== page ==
We did a lot of research into solar at this point, but the financial commitment and technical know-how was too much for us. It was at that point that we met some fellow RVers on Instagram who were staying nearby. They stopped by to say hello, and solar power came up in conversation. They talked about their system allowing them to play PS4, watch TV, and use their computers freely. By this point, we had resigned ourselves to be happy that our fridge worked. It was apparent that we were under-powered, and were consuming too much. Still, we were not ready to commit. My solution was to just go to an RV park every 5 days to charge up, but that too costs money. We soon realized that the long-term cost of adding more solar would pay for itself if it meant not paying for RV parks.

There is a lot of information regarding solar on the internet, but it went in one ear and out the other. In my past life, when a problem came up, the solution was to pay someone else to deal with it. In this life, we have a stricter budget, and fewer resources than in Los Angeles. When you are boondocking, you can’t exactly go to the nearby solar dealer to make a purchase. Even Amazon Prime is a challenge since you no longer have a home address.

Kym and I went back and forth on making an upgrade. Solar panels cost money, as do additional batteries to increase our storage capacity. We concluded though that it was necessary, and I convinced her that I knew what I was doing and could install it myself. It was a lie, but don’t tell her that.

I will provide a complete list of supplies below, but for now I will jump to what we added. The solar supplies were ordered on Amazon and shipped to a nearby UPS customer center. I was able to find the same batteries at an RV dealer in Durango, CO that we already have in our coach. It is important not to mix brands, types, and especially age. I added 2 more in parallel to the 2 that we had, giving us 4 total. This gives us approximately 400Ah. I then installed 3 more 100 watt panels on the roof in parallel, giving us 400 watts total. Today is the first day of having the system complete, and the impact is immediate. We finally achieved a 100% charge using solar alone for the first time. We have the inverter on, devices plugged in, and are not seeing a drop in battery percentage. We are almost two months in to our journey, and I am just now relaxing a bit.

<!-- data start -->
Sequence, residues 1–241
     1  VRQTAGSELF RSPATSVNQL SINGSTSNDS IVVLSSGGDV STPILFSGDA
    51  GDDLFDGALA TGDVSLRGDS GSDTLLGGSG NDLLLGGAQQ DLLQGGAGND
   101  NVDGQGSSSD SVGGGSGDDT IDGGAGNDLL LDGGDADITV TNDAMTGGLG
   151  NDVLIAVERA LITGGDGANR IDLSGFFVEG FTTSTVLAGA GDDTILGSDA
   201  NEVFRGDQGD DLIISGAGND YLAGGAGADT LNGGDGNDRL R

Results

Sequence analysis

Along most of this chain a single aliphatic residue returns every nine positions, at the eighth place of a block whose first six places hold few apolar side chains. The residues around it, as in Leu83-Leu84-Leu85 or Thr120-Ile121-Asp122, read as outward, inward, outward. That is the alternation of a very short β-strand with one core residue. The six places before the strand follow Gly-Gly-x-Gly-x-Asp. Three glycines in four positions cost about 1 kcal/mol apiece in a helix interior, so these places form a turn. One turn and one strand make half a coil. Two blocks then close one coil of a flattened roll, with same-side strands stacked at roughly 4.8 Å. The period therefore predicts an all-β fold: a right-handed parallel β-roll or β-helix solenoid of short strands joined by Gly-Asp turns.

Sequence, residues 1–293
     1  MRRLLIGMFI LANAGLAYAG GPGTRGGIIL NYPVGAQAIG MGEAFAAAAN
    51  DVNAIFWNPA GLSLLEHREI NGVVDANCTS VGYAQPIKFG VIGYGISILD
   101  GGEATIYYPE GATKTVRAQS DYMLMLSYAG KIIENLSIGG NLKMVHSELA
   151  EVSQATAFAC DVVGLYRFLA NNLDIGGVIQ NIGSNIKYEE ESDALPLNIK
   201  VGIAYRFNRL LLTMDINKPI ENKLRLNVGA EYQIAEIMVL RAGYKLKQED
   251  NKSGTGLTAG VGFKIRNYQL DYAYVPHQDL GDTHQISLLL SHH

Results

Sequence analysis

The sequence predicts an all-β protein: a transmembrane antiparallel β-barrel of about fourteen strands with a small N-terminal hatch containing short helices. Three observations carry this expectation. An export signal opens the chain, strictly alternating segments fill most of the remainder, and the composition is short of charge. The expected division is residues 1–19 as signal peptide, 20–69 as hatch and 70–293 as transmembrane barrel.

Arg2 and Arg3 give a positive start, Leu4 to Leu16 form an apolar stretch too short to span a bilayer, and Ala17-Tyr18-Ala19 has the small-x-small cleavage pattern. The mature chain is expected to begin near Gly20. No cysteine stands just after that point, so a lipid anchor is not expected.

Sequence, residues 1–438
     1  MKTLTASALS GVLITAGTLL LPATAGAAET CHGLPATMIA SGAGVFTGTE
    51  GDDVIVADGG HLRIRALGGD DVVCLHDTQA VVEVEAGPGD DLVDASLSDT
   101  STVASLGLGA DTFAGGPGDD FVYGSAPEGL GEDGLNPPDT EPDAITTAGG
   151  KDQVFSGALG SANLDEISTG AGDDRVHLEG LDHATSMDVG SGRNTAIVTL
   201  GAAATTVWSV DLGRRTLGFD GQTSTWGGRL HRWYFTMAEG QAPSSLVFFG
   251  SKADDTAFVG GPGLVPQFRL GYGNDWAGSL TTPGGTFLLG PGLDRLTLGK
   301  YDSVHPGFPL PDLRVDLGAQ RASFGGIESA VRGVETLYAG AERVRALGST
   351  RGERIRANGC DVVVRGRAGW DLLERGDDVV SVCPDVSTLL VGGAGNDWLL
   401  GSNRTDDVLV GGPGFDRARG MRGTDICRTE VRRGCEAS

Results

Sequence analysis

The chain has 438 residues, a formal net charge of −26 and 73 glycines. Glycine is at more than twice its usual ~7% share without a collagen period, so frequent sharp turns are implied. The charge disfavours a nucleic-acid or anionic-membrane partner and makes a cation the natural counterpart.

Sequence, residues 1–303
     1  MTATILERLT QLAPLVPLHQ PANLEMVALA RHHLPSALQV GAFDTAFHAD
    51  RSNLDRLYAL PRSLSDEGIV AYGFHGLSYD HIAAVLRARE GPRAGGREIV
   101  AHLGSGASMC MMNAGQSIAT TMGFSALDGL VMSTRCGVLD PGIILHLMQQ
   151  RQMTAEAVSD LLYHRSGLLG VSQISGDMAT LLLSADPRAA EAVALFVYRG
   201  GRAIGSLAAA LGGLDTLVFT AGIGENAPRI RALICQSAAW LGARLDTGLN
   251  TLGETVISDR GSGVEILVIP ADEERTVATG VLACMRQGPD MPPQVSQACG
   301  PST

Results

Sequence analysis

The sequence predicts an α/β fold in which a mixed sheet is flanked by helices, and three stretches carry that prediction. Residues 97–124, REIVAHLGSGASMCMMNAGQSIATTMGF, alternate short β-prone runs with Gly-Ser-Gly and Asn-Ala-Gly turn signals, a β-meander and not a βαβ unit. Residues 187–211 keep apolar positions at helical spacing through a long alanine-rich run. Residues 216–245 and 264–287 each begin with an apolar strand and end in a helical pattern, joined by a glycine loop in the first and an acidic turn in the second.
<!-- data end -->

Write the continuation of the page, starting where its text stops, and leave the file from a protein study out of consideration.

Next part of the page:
We lived a comfortable life, and I mean that in a sense that we were rarely outside of our comfort zone. It was rare that a problem came up that we didn’t know how to solve ourselves, or knew who to call for help. In our RV life, every problem that has come up has forced us to learn something new. Solar power is a good example of that, and we are happy to have learned about it. I am putting this one in the win column. Now if only it would stop snowing on us!

Our solar system:

Dealer installed

  1. Go Power 30 amp PWM solar controller
  2. Go Power 100 watt solar panel
  3. Two Interstate SRM-24 deep-cycle marine/rv batteries connected in parallel
  4. All 10 AWG wiring

Installed by us

  1. Xantrex ProWatt 2000 watt Pure Sine inverter
  2. Xantrex ProWatt remote control
  3. 4 AWG wiring to batteries
  4. Three Renogy 100 watt solar panels connected in parallel
  5. Renogy MC4 connectors and wire extensions
  6. Two additional batteries connected in parallelDSC00811[1]Inverter showing battery at 12.4 volts. Cord coming out of front connects to the remote switch installed in the living area.DSC00809[1]Upper right is the inverter remote switch so that I do not have to go into storage to turn it off.BDSC00815[1]Battery showing 84% on the solar controller.

5 thoughts on “Solar

  1. Love reading about your travel adventures. What an exciting time in your lives. Tell me what boon docking is. I am not for familiar with this expression. Love to you both , MA


      1. Got it. Thanks. Just home from Uruguay after visiting Michael’s family and my new grandson Nolan who is now 3 months old. Can I post a picture somehow on your blog or send to your email?